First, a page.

The International Space Station (ISS), one of the most remarkable achievements in human history and an enduring symbol of political and technological international cooperation, celebrated 20 years of continuous human occupation in 2020.
It has been humanity’s foothold in Earth orbit and a stepping stone to the future since 2 November 2000 when the joint US-Russian Expedition 1 crew docked for a 136-day mission.
But is 20 years enough to say the human race has finally arrived in space on a permanent basis? Certainly not if reports are true that key parts of the Space Station are in danger of wearing out.
In December the Russian manufacturer RSC Energia, the prime developer and contractor of the Russian crewed spaceflight programme, suggested that a number of Space Station elements are on the verge of catastrophic failure.
Over 20 years of continuous human habitation of low Earth orbit our approach to space has shifted significantly. The second decade of ISS operations has born witness to an increasingly commercial space environment, encapsulated in 2020 by the arrival of the Nanoracks Bishop Airlock and two crews aboard SpaceX Dragon spacecraft. The commercial sector is now a key player in delivery systems, with the likes of SpaceX introducing significant elements of reusability and turning rocket launches into an almost routine exercise.
Apart from the valuable scientific research carried out on the ISS, it seems that commercialism has no financial bounds or lack of ambition after NASA revealed last May it would transport the actor Tom Cruise to the ISS on a SpaceX Dragon in autumn 2021. And, in November, a Russian TV channel and film production company joined forces to announce they would fly a yet-to-be-selected actress to the ISS around the same time.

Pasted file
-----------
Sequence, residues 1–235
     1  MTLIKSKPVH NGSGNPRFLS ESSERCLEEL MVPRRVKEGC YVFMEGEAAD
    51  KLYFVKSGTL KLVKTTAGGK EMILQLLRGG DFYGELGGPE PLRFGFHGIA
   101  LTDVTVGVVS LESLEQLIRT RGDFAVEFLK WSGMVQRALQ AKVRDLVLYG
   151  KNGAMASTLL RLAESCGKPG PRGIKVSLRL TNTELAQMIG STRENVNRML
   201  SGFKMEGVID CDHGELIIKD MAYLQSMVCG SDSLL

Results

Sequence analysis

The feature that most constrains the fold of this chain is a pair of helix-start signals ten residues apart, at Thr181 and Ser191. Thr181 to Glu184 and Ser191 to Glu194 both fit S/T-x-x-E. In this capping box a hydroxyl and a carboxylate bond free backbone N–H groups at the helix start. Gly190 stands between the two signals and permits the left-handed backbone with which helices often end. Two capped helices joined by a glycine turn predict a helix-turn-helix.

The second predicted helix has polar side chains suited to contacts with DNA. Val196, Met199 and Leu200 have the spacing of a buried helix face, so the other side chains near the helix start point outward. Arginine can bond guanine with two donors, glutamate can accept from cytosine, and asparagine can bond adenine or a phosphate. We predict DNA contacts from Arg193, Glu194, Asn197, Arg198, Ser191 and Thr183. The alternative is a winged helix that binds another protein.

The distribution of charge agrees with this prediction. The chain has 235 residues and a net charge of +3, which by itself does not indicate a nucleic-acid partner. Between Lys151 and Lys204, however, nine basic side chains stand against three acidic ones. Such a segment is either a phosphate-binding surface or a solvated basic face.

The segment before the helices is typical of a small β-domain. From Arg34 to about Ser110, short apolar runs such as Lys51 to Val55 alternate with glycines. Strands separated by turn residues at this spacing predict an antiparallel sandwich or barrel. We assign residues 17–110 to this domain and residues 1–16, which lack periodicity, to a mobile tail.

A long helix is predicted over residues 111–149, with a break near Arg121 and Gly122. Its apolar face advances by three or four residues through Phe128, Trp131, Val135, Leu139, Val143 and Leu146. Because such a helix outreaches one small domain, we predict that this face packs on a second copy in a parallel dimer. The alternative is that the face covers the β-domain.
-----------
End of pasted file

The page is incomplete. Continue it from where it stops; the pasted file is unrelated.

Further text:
The long-term, permanent habitation of space should not be limited to the political whims and strategy of competing superpowers
Two decades have seen many changes in international politics too. After four headline-grabbing Trumpian years the US looks set to revert to something that promises to deliver more realistic long-term strategies. And if, as expected, NASA gets a new Administrator, the goal of returning Americans to the lunar surface by 2024 may also be re-evaluated.
It could mean the agency’s Space Launch System (SLS) and Artemis programmes are slowed or even trimmed back, opening the door for some of the ambitious commercial operators like SpaceX and Blue Origin to take on more sooner than anticipated.
Another project waiting in the wings is for a new state-of-the-art and commercially procured docking module to be added to the ISS, potentially helping to extend the orbiting outpost’s life to 2030 and then being available afterwards as the core of a new autonomous space station.